By Rob Nikolewski
January 12, 2015
The Russian economy is already hurting from the sudden drop in global oil prices.
Now President Vladimir Putin could eventually feel more pressure if liquefied natural gas deliveries from the United States speed up, which is what a bill introduced in the U.S. Senate aims to do.
Republican Sen. John Barrasso of Wyoming and Democrat Sen. Martin Heinrich of New Mexico have introduced legislation that would require the secretary of the Department of Energy to make a decision on LNG export applications within 45 days after environmental review documents for projects are published to countries that do not have free trade agreements with the United States.
“If the U.S. does not aggressively market LNG abroad, many of these countries may have no choice but to purchase energy from Russia or other nations that are not aligned with our own national interests,” Heinrich said in a news release announcing the bipartisan bill, called the LNG Permitting Certainty and Transparency Act.
The Barrasso-Heinrich bill would also require LNG exporters to disclose to which countries the liquefied gas they’re exporting goes.
“Right now, LNG exports are being stalled by Washington red tape and permitting delays,” Barrasso said in the release. “Our bipartisan bill fixes this by creating clear deadlines that force Washington to make timely decisions on these critical energy permits. This is a win-win for our economy and America’s national security interests.”
Russia is one of the world’s most powerful natural gas suppliers and has been accused of using the fuel as an economic weapon against nations in Europe that rely on natural gas for heating.
In fact, even though the Putin government outraged the Ukranian government when Russia annexed the Crimea last year, Ukraine is one of the nations most reliant on natural gas from Russian energy giant Gazprom.
Last year, Russia hiked its gas price to Ukraine from $268.50 per 1,000 cubic meters to $485.50.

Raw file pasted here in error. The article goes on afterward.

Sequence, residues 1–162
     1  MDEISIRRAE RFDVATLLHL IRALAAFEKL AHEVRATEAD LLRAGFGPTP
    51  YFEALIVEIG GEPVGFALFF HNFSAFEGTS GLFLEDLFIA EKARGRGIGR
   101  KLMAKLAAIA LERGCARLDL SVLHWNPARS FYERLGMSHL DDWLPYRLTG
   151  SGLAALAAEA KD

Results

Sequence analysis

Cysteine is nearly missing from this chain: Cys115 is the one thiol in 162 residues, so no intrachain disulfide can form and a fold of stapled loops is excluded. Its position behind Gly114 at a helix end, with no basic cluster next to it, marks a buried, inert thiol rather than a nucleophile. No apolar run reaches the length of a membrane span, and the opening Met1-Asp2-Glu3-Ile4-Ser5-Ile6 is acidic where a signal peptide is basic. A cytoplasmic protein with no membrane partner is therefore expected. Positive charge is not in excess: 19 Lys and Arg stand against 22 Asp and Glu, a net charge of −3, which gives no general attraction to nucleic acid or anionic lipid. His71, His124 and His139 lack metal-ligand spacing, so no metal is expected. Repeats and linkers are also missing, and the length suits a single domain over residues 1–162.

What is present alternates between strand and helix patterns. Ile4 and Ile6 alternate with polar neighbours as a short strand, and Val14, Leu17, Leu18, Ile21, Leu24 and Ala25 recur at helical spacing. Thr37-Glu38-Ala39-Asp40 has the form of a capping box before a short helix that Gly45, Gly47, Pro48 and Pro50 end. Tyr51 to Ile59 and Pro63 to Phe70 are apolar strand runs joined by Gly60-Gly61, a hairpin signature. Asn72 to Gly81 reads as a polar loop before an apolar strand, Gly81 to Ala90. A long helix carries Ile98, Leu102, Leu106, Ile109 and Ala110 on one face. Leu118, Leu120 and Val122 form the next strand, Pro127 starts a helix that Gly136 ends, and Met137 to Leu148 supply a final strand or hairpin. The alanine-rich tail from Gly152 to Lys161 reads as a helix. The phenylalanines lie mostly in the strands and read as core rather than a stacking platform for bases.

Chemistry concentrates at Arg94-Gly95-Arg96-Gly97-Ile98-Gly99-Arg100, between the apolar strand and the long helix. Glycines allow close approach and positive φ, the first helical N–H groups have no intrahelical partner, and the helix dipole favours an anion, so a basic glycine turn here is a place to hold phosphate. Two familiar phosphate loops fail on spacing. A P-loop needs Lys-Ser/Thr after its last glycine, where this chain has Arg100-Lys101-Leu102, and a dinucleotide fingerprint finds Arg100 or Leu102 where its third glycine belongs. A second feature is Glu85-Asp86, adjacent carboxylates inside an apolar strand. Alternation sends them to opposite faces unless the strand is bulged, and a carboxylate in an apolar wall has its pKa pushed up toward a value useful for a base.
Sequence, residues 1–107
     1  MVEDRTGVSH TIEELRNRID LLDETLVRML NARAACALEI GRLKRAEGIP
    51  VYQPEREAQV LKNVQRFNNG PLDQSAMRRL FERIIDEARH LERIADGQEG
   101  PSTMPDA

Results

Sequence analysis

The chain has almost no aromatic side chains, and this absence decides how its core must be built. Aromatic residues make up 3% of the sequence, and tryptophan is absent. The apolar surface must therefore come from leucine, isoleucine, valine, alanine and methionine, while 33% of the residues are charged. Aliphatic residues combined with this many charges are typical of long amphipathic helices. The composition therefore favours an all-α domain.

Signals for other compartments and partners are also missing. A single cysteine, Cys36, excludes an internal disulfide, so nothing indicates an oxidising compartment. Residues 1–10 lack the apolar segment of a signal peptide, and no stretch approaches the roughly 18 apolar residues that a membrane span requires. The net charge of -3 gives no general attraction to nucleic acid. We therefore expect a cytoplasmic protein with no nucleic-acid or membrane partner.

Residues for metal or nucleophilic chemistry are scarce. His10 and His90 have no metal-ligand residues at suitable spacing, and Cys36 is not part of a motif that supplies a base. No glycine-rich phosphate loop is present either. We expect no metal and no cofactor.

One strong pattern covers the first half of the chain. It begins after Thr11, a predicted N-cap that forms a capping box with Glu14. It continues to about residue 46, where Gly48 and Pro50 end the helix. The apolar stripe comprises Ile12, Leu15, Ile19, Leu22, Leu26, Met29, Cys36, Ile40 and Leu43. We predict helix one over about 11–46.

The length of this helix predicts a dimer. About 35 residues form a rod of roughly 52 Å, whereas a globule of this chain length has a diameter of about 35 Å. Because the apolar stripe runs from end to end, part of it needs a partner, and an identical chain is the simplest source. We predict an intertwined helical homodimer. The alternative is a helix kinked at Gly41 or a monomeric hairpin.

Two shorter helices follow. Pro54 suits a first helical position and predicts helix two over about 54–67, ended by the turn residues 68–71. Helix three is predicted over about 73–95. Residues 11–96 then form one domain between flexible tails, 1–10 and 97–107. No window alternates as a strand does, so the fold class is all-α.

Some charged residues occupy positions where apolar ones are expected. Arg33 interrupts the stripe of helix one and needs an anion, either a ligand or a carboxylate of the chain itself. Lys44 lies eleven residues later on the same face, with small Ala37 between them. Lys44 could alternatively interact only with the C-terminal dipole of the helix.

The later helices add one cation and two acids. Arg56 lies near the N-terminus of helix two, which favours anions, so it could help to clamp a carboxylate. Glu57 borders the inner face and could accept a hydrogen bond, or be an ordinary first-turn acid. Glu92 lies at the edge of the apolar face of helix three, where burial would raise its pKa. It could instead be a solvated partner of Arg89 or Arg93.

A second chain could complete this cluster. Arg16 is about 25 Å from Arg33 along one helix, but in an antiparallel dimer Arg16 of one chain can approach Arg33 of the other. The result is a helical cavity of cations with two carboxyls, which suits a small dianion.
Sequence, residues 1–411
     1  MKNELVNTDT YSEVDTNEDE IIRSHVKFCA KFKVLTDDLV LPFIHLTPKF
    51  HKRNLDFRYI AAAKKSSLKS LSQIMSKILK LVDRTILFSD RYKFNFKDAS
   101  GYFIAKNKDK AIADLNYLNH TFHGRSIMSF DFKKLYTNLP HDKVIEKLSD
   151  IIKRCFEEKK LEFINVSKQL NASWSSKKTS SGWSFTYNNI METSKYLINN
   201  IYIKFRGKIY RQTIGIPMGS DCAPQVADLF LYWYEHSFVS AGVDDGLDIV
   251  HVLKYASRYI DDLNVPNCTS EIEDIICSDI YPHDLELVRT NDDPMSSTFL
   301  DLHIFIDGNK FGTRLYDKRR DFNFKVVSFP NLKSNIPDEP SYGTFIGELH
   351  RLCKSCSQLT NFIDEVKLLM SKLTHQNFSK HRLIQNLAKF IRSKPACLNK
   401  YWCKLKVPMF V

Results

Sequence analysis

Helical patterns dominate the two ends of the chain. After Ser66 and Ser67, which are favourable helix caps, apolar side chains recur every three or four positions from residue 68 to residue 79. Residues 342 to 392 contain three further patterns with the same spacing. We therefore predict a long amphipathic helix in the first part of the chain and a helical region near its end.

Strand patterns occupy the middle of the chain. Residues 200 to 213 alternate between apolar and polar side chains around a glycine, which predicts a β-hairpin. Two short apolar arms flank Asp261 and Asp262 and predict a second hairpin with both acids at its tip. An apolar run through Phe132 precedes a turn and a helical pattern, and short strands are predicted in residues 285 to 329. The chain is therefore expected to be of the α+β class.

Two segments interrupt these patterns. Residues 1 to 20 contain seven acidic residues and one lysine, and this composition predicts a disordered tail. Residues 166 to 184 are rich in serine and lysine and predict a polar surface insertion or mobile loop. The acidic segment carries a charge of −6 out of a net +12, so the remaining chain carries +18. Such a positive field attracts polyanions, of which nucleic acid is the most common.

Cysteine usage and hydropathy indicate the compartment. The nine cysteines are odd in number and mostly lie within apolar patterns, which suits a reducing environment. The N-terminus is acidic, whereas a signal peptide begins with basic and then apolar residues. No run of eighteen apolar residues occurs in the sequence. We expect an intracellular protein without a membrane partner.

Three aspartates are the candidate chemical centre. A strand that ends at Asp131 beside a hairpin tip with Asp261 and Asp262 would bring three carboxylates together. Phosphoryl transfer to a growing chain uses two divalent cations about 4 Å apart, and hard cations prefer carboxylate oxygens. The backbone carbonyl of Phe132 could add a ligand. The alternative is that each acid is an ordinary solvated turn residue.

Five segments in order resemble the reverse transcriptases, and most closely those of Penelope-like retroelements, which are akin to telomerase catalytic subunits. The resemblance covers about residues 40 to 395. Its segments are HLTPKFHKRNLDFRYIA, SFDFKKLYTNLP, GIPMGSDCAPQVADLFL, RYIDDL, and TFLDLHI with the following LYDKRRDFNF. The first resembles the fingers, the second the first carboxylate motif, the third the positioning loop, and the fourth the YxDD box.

A potential challenge to Russia’s market share in natural gas could prove to be a double-whammy to the Putin government, already hurting badly from cratering oil prices.
Russia is a major oil-producing state and it’s estimated that its “break-even price” for oil is $98 a barrel. Last week, the global oil benchmark price dipped to $50 a barrel.
“I think Putin has a lot of things to worry about,” Geoffrey Styles, managing director of energy analysis firm GSW Strategy Group, told Watchdog.org. “The No. 1 thing right now is the price of oil but if you can put U.S. natural gas into Europe, which has been the primary, premium market for Russian natural gas, then that’s definitely another thing he has to focus on.
“And even if all he ends up doing is having to cut his price to keep his existing customers, that’s still money out of the pocket of the Russian industry, ultimately it’s money out of the Russian military and the whole economy.”
However, Styles and energy experts point out the process of getting LNG from America to European markets could take up to two years.
It’s probably no coincidence Barrasso and Heinrich each represent states that have rich deposits of natural gas.
In New Mexico, for example, a recent analysis showed that for every 10-cent increase in the price of natural gas, the general fund in New Mexico receives an additional $10 million.
“Improving the process for reviewing permits to export U.S. natural gas to our allies would create jobs in states like New Mexico because we’re rich in the resource,” Heinrich said in the statement.
But environmental groups have long opposed natural gas production in general and LNG exports in particular because so much natural gas extraction in the United States involves hydraulic fracturing — the process in which pressurized liquid is pumped into the ground to break up rock formations.
“Exporting natural gas would increase fracking and carbon emissions, put sensitive ecological areas at risk, and do nothing to address our country’s energy challenges,” said the website of the Sierra Club, which has created a “Beyond Natural Gas” campaign.
The Heinrich-Barrasso bill has been referred to the Senate Committee on Energy and Natural Resources.
In addition to Heinrich and Barrasso, Cory Gardner, R-Colo., Heidi Heitkamp, D-N.D., John Hoeven, R-N.D., Tim Kaine, D-Va., Shelley Moore Capito, R-W.Va., and Michael Bennet, D-Colo., are original cosponsors of the bill.